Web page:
Miriam Karpilove

Transformed the lives of Jewish women immigrants through her contributions to Yiddish literature

Portrait of Miriam Karpilove

Born near Minsk in 1888, Miriam Karpilove received both a Jewish and a secular education. She immigrated to the United States in 1905, and her writing reflected her own experience coming to a new country. She wrote frequently on the upbringing of women in Eastern Europe, the barriers they encountered when they sought secular education, and the conflicts they experienced on immigrating to the United States. Her best-known works addressed the central anxiety of the young immigrant woman: how to negotiate emotionally satisfying relationships in a newly liberated culture. 


As one of only a handful of women to make a living as a Yiddish writer, Karpilove was an outlier. She began her writing career in 1906 at the age of 18. Her wildly popular Yiddish stories explored the tensions Jewish women faced at the turn of the century - the desire for secular education, the hunger to participate in the wider society, and the hardships of adapting to a new culture. 

She is best known for her serialized novels which appeared in leading American Yiddish daily newsapapers. She produced numerous works of short fiction and seven serialized novels, five of which were later published in book form.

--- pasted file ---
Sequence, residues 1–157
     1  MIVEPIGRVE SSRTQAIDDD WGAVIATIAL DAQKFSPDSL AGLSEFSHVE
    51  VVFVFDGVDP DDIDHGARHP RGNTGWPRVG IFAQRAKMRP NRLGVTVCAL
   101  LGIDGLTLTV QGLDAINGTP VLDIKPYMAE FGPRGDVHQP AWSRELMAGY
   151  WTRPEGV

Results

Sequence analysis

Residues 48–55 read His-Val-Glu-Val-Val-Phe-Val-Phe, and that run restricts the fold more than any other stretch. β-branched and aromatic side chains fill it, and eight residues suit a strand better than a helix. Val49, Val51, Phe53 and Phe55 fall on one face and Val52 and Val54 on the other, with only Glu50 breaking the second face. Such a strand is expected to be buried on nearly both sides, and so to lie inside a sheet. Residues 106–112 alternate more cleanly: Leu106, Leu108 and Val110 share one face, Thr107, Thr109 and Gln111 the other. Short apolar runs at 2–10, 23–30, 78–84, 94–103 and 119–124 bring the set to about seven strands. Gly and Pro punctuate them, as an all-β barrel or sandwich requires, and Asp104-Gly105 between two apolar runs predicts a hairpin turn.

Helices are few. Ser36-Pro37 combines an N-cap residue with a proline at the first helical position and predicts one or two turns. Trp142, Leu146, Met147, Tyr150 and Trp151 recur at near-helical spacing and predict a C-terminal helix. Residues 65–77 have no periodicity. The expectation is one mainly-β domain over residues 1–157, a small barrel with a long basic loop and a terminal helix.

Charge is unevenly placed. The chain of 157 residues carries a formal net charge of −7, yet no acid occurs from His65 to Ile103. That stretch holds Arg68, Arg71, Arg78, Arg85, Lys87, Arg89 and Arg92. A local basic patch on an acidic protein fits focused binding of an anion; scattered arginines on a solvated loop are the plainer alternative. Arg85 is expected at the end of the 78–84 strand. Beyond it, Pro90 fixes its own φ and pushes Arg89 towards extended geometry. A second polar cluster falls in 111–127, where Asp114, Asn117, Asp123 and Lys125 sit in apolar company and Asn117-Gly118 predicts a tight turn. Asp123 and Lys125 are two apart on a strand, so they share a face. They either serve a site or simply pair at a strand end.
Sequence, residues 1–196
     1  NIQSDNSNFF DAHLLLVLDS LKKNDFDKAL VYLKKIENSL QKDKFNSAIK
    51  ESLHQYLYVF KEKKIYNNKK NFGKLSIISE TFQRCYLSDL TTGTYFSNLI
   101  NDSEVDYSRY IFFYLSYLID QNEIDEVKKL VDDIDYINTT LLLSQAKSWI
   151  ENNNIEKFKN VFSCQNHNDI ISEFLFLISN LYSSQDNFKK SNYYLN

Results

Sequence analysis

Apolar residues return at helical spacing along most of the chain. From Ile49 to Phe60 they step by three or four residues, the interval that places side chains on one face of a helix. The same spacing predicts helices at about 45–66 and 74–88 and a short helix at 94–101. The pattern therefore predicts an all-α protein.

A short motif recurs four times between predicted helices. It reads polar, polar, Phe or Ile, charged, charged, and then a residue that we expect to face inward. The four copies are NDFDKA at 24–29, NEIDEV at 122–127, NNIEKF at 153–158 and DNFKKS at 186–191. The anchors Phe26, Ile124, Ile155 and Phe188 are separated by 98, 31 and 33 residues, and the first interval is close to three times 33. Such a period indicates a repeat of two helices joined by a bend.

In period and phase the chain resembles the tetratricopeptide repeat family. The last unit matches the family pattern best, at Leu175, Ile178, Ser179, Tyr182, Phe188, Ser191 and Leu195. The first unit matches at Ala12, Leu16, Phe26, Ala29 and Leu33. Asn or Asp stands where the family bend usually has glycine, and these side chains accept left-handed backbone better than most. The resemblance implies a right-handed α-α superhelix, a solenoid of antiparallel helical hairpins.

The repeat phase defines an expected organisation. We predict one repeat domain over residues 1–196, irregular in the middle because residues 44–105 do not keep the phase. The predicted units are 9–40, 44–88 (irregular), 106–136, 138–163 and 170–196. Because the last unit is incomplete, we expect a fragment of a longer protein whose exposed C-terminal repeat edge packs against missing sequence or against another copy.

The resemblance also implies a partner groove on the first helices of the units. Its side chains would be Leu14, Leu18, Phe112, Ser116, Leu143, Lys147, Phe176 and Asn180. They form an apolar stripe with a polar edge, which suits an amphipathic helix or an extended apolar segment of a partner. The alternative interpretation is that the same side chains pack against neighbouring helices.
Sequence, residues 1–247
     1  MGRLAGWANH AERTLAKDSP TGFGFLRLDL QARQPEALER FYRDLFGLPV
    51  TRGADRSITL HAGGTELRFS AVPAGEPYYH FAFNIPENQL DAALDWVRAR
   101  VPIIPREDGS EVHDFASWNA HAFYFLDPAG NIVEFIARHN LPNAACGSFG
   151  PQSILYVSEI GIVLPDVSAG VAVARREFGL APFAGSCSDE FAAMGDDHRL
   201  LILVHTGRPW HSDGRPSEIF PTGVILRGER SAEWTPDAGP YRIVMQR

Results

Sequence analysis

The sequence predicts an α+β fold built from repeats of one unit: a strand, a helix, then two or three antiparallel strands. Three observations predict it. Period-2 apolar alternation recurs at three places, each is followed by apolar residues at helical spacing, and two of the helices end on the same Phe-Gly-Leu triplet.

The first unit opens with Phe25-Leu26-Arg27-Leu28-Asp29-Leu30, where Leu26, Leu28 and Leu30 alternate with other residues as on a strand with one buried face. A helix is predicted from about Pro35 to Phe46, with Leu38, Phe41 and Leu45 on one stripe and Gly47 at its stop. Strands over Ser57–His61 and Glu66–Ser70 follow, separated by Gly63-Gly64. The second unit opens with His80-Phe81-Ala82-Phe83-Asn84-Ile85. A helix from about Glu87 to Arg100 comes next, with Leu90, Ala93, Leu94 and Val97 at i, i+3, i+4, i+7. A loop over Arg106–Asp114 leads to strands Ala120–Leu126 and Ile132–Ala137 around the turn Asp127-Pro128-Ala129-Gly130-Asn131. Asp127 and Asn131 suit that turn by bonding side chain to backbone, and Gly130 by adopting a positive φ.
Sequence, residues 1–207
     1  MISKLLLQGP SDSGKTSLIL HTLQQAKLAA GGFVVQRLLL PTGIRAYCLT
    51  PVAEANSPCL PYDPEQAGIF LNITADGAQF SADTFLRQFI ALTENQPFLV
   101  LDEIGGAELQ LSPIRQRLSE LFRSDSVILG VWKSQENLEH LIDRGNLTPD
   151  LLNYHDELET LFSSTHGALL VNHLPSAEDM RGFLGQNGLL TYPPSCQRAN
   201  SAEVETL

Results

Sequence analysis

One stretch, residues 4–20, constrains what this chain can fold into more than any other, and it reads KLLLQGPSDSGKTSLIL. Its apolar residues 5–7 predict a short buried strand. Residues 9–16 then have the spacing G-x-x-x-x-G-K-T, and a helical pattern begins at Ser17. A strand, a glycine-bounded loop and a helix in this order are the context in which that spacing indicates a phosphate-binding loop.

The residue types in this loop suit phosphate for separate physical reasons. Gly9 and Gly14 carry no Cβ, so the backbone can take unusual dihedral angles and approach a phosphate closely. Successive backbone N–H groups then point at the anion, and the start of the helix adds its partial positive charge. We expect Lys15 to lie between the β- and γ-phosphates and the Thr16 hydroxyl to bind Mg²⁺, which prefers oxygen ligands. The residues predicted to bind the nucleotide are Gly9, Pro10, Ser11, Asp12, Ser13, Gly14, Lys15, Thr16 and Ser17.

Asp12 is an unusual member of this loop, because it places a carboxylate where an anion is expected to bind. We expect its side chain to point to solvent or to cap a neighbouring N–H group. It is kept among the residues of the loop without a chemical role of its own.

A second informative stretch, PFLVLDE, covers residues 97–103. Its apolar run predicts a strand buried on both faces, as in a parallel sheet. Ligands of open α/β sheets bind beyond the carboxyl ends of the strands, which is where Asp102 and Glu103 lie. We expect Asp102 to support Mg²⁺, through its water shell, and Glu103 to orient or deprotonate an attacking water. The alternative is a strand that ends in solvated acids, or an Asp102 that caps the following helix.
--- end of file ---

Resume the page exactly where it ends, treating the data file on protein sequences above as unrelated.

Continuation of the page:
Karpilove's Certificate of Naturalization, 1920


Karpilove's novel Diary of a Lonely Girl or the Battle Against Free Love was first published serially in the Yiddish daily Di Varhayt (the Truth) in 1916 and 1917, and later appeared in book form. The novel paints a sympathetic portrait of a young woman searching for and unfulfilled by modern possibilites for love. Karpilove's frankness about women's sexuality was revolutionary. 

Her work addressed the challenges faced by immigrant women in America. In addition to her fiction, she reported on women's suffrage, covering the 1918 election in New York. She was a force for feminism in the male-dominated Yiddish publishing world, eventually joining the staff of Forverts (the Forwardin the 1930's. 


Karpilove Playing Guitar to Entertain Friends

"Karpilove loved to be in the center of things - to be in the bustling city, to be part of the social world of Yiddish writers and artists. She carried on extensive correspondence with other Yiddish writers, ... and spent her life moving between Connecticut, where her family lived, and her more cosmopolitan lifestyle in New York and as a traveling journalist. A hundred years later, scholars are translating Miriam's work into English. 

"Her writing is feisty, witty, confident, and bold. Some of her writing deals in romantic tragedies, and is rightly characterized as pulpy, but much of her work is as incisive as it is assertive. What's more, it's often very funny!"

"[She] doesn't shy away from asserting that a woman journalist might be more competent than the men who are in positions of greater power."
- - Jessica Kirzane, PhD., University of Chicago